The yellow vests were a large movement that had widespread support from the public. The group known as the blade runners, on the other hand, was a smaller and more marginalized group. However, the implementation of the Ultra Low Emission Zone (Ulez) in post-austerity Britain demonstrated that taxes aimed at promoting environmentalism can be seen as arbitrary punishments rather than necessary measures for the public good. This is especially true for those living on the outskirts of major cities who rely on cars for transportation and often work as self-employed drivers. The demographic of those opposing the Ulez was not surprising to those familiar with the yellow vests movement. Another important lesson learned is that backlash can have various consequences, such as creating room for political parties to adopt environmentally harmful policies like expanding North Sea oil drilling.
Britain is not the only country failing to learn the lessons of the gilets jaunes movement. In Germany, a law that would have mandated citizens to install costly clean-energy heating systems from January 2024 nearly toppled the German governing coalition, with the Greens’ approval rating plummeting. It was then watered down to allow a longer phase-in time. But even with the promise of grants to cover 70% of the cost of the heat pumps, many people felt they were being asked to pay too much and that the policy was being imposed on them in a one-size-fits-all way. One interviewee, an engineer, told the Financial Times that he wasn’t against heat pumps, but to install one that would work efficiently in his house would have meant taking apart and reconstructing much of the building.
None of this is to say that taking climate action is unnecessary, or too hard, or inherently a form of class war. Nor is it to say that “the people” don’t want to reach net zero. In my reporting from France, I have met gilets jaunes who care deeply about the environment; they just found that, for them, the end of the month was arriving before the end of the world. Ludosky told me recently that she thinks the gilets jaunes have had two main legacies. The first is that French people are more concerned about the poor health of their democracy – since the carbon levy they have campaigned for democratic reform (though this has proven harder to deliver than the tax U-turn). The second legacy is that any talk of the ecological transition is now accompanied by ideas for how to make it fair. In 2021, France’s Green party adopted a resolution that cited the gilets jaunes as evidence that the “fight against inequality and precarity must be at the heart of the ecologist’s project”.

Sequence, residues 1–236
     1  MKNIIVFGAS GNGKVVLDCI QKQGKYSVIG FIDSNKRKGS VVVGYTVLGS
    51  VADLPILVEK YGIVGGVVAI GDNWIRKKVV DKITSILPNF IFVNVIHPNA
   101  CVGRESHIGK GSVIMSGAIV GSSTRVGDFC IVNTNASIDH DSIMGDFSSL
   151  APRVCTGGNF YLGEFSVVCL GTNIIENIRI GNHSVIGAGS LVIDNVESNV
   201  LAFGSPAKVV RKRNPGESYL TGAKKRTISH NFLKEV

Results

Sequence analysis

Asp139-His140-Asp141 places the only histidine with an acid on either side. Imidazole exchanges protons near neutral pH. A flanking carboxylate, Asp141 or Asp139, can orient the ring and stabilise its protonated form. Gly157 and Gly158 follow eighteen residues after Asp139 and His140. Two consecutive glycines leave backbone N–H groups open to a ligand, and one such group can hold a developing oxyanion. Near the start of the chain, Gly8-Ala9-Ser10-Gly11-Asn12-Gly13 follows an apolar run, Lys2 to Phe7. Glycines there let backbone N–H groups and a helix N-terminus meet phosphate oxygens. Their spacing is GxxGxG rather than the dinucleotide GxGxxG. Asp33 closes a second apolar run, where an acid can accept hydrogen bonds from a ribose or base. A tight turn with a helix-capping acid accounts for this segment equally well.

Attention policymakers: If you are looking to address the climate crisis, which we must do, then any proposed solutions should involve democratic input. Additionally, it is important that any actions taken do not unfairly affect the working and lower-middle classes. If policies are implemented from the top down in a regressive manner, you may face backlash from citizens, as seen with the “yellow vest” protests.
In 2021, Oliver Haynes, a freelancer in journalism, received recognition in the Guardian Foundation’s Hugo Young award for his exceptional political opinion writing.